B.C. is adding eight ambulances and 34 paramedics in the Lower Mainland as a first step as the government promises major reforms to improve substandard emergency response times.
The new action plan unveiled Friday by B.C. Emergency Health Services calls for big changes to how minor emergency calls are handled – more on-the-spot treatment by paramedics or even medical advice by phone is likely rather than the standard practice of an ambulance ride to hospital.
“There are still too many patients waiting too long for an ambulance who need one and there are too many patients receiving an ambulance and a transport to an ED (emergency department) that don’t require it,” BCEHS executive vice-president Linda Lupini said.
Accompanying the plan is an independent review that found it takes an average of 10 minutes and 24 seconds for ambulances to reach life-threatening calls in the Lower Mainland and Greater Victoria.
A new target of under nine minutes for 75 per cent of those critical calls is being adopted, in line with international standards.
And the review warns population growth and aging will drive up call volumes six per cent a year and push ambulance response times up to more than 15 minutes by 2020 if no improvements are made.
The eight extra ambulance that are being deployed include three in Surrey, two in Langley, two in Abbotsford and one on the North Shore. Extra paramedics have also been added in the Tri Cities.
But Lupini said that is just an immediate stop gap to relieve pressure, with much more improvement required through a combination of more resources and innovation.
Without changes in procedure, she estimated, up to 30 more ambulances would be required by 2020 and at least 10 single responder vehicles.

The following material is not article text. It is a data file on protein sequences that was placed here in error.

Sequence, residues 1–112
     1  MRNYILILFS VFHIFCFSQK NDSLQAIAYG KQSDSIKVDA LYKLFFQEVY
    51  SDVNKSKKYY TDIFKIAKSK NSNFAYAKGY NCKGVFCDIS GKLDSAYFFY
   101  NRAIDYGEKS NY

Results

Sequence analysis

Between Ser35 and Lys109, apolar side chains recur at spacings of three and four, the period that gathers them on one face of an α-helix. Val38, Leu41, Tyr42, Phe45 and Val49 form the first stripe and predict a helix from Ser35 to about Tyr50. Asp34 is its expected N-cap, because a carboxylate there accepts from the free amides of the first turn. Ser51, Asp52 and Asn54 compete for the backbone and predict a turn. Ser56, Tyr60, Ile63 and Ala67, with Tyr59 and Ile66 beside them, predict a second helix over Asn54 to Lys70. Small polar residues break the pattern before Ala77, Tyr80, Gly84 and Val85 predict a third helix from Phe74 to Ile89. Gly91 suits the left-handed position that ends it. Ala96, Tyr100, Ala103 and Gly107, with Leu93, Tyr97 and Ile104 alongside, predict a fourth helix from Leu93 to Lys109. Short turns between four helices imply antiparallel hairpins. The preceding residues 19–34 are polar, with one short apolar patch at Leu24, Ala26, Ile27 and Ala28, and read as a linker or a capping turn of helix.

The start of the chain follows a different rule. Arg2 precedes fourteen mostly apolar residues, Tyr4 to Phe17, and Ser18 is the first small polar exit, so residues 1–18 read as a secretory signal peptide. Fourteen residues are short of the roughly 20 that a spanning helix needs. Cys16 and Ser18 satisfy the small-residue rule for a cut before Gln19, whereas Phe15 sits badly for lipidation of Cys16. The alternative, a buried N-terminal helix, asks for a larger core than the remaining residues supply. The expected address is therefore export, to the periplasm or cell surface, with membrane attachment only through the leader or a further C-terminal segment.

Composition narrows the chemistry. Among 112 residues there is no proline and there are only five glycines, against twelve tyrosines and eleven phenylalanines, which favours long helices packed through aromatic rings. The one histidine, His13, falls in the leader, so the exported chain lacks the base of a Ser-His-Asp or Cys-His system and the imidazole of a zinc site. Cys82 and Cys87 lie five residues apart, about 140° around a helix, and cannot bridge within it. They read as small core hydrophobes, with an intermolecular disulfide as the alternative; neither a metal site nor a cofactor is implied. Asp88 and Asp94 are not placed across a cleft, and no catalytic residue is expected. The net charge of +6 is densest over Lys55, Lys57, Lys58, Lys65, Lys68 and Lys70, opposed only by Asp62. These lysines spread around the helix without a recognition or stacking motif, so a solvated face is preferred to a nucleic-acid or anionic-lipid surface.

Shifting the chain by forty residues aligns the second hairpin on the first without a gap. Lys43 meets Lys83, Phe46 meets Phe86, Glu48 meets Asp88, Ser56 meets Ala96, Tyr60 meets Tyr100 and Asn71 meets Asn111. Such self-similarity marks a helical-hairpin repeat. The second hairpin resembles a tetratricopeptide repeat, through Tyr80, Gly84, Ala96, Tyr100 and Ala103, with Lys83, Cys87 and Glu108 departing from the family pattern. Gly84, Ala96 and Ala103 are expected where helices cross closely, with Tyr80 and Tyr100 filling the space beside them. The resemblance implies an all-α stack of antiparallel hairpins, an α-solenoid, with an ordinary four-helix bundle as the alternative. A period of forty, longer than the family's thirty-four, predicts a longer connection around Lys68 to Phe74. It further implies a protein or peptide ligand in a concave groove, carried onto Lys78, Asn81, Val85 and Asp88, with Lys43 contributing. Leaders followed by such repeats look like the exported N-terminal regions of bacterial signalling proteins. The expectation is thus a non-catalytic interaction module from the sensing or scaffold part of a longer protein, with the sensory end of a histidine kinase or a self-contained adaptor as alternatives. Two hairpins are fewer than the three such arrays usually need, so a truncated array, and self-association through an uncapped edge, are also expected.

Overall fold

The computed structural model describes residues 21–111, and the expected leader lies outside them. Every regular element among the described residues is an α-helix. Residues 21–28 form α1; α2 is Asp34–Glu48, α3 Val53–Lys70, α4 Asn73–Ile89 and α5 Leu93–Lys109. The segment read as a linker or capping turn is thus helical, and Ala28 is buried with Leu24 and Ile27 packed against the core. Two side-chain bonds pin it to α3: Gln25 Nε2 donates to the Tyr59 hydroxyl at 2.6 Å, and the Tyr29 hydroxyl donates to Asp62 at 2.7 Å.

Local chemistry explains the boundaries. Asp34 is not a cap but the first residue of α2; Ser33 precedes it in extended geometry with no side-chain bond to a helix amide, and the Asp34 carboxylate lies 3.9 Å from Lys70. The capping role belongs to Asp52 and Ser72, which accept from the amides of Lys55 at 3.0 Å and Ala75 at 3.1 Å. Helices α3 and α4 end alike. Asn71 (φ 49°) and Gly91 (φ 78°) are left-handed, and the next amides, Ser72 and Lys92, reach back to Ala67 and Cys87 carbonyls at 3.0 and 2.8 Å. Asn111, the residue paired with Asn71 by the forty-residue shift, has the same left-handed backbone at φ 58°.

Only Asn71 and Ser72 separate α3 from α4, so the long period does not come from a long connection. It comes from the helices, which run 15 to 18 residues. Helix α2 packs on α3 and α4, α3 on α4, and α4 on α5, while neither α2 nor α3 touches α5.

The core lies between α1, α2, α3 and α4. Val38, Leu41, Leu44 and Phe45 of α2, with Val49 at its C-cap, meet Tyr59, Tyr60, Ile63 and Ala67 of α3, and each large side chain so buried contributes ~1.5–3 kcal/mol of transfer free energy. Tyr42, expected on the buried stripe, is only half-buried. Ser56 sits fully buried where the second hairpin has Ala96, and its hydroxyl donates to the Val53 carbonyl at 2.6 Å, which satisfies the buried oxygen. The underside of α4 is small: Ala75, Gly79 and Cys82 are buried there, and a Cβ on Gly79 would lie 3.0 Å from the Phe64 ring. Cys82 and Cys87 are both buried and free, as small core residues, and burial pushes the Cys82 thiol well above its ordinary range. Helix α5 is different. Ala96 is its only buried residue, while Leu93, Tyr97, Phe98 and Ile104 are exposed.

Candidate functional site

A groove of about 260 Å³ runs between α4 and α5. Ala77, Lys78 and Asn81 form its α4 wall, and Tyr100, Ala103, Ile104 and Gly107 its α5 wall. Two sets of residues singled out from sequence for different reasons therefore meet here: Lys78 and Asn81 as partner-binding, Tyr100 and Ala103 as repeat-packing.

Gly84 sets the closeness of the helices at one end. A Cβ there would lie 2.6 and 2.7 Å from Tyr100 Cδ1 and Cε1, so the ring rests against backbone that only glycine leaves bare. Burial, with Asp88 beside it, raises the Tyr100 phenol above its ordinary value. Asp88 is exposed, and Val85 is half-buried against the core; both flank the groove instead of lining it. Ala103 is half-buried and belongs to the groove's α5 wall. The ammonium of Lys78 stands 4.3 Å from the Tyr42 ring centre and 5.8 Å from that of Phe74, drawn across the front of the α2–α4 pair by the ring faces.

While more money is being requested, much of the planned reforms focus on other methods to speed up ambulance response times to critical calls and to cancel or redirect ambulance transport for less urgent calls that can be handled differently.
Lupini said many of those calls “could be dealt with by physicians over the phone or a paramedic seeing and treating a patient without bringing a patient to an emergency room, because that’s what really ties up resources.”
The top reform priority is to reduce how long paramedics wait in hospital emergency departments to hand over incoming patients so they can get back on the road. Fraser Health hospitals are expected to be at the forefront of making the necessary ER reforms.
Faster dispatch and deployment times to get ambulances in service is another strategy.
The latest reform plan comes in the wake of ongoing complaints from municipalities and their fire departments of unacceptably long waits for ambulances to arrive and transport non-critical patients.
That was the result of a controversial restructuring of the B.C. Ambulance Service priority system that aimed to speed ambulances to life-threatening calls but often slowed it to others.
Surrey Fire Chief Len Garis said he’s optimistic about the changes.
“It should make it more of an efficient system,” he said.
Ambulance Paramedics of B.C. president Bronwyn Barter said the review confirms the service is “extremely understaffed” and argued more immediate staff increases are required.
But she said there are “a lot of positives” in the report, including the acknowledgement of the need for more resources and the move to reduce delays at hospitals, which consume 17,000 paramedic hours a year in urban areas.
NDP heath critic Judy Darcy said the government should have acted sooner in light of years of public outcry.
She predicted the plan will leave many people “still falling through the cracks” – and they may include those less acute cases where a decision is made they don’t need an ambulance response.
“The devil is going to be in the details,” Darcy said. “Triaging over the phone is a very different kettle of fish than triaging when someone presents at an emergency room.”